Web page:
• If the Legislature has taken no action on reviewing and clarifying or adding a sunset on a tax exemption which the Joint Legislative Audit and Review Committee and Citizens Commission on Tax Preferences have recommended to be ended or clarified, and the tax exemption reduces revenues by over $50,000/year or $100,000/biennium, then the exemption would appear in the budget documents and require re-adoption in the budget or it would sunset.

Who are the 38 sponsors of HB 1703?

PolletPaulTarletonValdezGregersonOrwallStanfordRyuSantosDoglioPettigrewThaiKlobaWylieGoodmanBergquistSennPeterson
FitzgibbonRiccelliLekanoffTharingerJinkinsFrameMeadRamos, AppletonFeyDolanWalenMacriCallanKirbyOrtiz-SelfPellicciottiCodyOrmsbyHudgins

F

Contact stevezemke@taxsanity.org for more details

www.taxsanity.org

Tax Sanity– facebook

Washington State Senate passes SB 5442 to end Eyman’s push poll advisory votes

Eliminating Eyman’s push poll tax advisory votes from the ballot

Testimony in support of SB 5224 – concerning advisory votes

Washington State House Committee on State Government & Tribal Relations

Steve Zemke – Tax Sanity           March 11, 2019

The Washington State Ballot for the last ten years has been cluttered with nonbinding push poll questions on tax measures passed by the Legislature.

These so called “tax advisory” questions” were put there as part of Tim Eyman’s Initiative 960 as an attempt to increase public resentment to any “tax” measures despite their benefit to  the larger public. The ballot title for each is basically written as an anti-tax push poll based on Eyman’s ballot title language in Initiative 960 that stipulated the polling question wording.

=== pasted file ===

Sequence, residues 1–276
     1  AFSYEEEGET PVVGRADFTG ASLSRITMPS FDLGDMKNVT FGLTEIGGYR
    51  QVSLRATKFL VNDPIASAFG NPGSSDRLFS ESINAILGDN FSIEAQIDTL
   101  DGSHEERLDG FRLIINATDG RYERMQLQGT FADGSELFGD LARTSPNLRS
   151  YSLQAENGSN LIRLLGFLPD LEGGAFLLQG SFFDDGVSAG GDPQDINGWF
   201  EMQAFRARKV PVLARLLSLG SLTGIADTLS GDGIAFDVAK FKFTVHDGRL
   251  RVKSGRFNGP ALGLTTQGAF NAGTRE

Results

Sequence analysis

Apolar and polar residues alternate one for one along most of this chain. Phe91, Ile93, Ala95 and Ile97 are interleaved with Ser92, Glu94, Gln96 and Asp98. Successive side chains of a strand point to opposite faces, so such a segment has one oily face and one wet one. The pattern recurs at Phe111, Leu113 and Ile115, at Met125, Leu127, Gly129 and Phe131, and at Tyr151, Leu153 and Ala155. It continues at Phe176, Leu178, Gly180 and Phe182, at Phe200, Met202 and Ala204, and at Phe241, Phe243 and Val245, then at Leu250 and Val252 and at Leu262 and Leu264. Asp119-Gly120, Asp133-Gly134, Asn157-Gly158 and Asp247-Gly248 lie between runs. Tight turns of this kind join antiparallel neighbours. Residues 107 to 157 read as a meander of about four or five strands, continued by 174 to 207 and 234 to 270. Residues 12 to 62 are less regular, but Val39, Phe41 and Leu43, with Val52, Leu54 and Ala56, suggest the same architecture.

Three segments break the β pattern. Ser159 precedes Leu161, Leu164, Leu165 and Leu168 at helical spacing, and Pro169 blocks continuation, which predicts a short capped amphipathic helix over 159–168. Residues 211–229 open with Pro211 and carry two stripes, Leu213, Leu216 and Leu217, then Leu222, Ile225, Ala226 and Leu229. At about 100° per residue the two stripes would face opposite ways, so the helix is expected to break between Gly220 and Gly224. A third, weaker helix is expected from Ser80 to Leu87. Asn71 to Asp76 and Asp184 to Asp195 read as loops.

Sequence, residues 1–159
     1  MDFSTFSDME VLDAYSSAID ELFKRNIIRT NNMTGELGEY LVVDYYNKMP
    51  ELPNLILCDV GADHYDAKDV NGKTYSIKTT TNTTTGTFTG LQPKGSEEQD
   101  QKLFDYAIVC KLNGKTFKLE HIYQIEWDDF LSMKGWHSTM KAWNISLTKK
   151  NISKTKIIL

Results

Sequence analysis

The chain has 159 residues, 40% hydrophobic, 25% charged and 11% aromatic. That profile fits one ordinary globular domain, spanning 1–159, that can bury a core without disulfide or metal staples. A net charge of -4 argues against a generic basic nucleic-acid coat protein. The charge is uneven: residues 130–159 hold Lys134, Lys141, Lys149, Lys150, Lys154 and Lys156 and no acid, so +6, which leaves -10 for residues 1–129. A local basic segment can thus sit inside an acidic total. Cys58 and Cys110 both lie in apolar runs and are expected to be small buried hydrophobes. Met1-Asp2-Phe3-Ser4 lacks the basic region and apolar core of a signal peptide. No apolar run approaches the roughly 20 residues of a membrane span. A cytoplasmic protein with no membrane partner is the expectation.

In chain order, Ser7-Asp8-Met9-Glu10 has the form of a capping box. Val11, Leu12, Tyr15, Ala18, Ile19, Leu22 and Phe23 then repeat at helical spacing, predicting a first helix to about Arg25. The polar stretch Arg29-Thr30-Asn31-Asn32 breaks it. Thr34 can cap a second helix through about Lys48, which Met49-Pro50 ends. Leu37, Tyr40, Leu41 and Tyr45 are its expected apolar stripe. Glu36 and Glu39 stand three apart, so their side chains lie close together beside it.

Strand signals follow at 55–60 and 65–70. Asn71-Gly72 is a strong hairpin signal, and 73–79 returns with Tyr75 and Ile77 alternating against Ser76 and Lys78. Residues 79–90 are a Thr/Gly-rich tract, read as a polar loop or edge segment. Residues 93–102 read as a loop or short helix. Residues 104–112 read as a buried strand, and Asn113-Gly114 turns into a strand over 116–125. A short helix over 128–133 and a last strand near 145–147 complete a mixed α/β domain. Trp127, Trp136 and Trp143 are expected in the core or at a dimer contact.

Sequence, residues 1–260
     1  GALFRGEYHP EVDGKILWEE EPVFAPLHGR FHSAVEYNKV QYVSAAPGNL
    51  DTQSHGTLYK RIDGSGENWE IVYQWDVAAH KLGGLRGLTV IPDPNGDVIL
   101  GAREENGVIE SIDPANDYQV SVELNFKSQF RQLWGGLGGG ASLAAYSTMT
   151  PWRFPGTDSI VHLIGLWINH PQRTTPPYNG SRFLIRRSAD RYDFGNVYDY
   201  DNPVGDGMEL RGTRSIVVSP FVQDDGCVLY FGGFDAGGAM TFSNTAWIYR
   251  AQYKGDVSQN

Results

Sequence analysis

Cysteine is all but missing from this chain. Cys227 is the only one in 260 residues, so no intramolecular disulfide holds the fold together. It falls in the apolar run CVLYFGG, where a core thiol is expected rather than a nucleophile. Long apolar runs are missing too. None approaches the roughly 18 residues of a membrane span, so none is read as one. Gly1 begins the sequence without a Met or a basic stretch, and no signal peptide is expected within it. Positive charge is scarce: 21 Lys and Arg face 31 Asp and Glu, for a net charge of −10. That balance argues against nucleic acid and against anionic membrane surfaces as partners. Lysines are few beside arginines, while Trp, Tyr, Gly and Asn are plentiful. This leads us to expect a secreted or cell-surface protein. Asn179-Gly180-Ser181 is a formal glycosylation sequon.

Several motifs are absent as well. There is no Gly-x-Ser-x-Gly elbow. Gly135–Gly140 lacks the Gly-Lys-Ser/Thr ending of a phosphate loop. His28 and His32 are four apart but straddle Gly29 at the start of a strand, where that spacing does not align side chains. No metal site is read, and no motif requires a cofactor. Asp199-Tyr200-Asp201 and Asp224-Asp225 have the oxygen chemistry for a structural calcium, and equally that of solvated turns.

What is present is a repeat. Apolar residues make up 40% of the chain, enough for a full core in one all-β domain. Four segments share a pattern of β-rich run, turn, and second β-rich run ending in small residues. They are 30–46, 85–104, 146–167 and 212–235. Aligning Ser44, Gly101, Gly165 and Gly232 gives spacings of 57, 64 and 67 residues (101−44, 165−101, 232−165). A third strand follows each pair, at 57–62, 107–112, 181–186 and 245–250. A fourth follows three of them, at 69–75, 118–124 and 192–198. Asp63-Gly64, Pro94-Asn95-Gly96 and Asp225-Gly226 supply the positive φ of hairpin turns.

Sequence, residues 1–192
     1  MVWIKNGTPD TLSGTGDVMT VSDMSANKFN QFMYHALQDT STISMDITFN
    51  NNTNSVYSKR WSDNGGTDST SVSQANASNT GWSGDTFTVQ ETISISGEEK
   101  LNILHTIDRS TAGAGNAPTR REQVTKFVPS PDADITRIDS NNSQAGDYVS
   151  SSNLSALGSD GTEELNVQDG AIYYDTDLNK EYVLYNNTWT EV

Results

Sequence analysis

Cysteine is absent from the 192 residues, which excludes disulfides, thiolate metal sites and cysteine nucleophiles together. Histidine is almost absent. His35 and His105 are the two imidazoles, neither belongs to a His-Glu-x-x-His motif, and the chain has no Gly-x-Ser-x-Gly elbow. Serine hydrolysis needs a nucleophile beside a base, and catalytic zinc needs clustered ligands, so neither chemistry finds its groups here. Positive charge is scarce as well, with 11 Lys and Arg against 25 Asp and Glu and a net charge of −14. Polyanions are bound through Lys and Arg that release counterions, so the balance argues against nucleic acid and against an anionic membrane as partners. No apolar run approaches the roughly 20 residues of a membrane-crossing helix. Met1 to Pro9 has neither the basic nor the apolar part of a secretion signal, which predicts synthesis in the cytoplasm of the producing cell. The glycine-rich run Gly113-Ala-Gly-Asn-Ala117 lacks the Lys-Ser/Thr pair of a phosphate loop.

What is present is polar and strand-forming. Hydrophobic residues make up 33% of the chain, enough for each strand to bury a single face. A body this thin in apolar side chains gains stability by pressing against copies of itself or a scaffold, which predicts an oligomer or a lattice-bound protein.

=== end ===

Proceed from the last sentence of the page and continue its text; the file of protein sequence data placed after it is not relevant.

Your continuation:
They carry no Legislative weight as they only record voters’ opinions. They are like a public opinion poll paid for by taxpayers. But Eyman tries to use them to build public opposition to funding public services by wording them such that voters will be inclined to respond negatively to any tax increase. Under Eyman’s definition of tax increases he also includes any efforts by the Legislature to repeal any tax exemptions or tax expenditures even if they are no longer needed or are no longer meeting the state priorities of government.

Deciphering Eyman’s ballot title language is very tricky and confusing to voters. They seem purposely written to try to get voters to vote to repeal any tax increase passed by the Legislature.   And unlike initiatives, the writeup on these so-called tax advisory votes in the voter’s pamphlet contain no explanatory statement, no pro and con statements, and no fiscal impact statement.

In fact, the State Attorney General has no real ability to even try to fairly explain the issue in the ballot title since Eyman’s initiative 960 required that the ballot title be worded as he wrote it:

The legislature imposed, without a vote of the people, (identification of tax and description of increase), costing (most up-to-date ten-year cost projection, expressed in dollars and rounded to the nearest million) in its first ten years, for government spending. This tax increase should be:
Repealed . . .[ ]
Maintained . . .[ ]

Please end this waste of taxpayer dollars to promote Tim Eyman’s anti-tax propaganda and misuse of the public ballot to further his self-serving anti-tax initiative promotion business. Vote to move SB 5224 out of committee to Rules and to the House floor for passage by the full House. Push polls to promote a private business deserve no place on Washington State’s ballot.

Tax Sanity note 3/13/2019 – Patty Kudder’s SB 5224 has had a hearing in the House and needs to be voted out of committee to Rules. Please click on this link to the legislative website for SB 5224 and urge your House Representatives to pass this bill by clicking on the “comment on this bill” button. Thanks.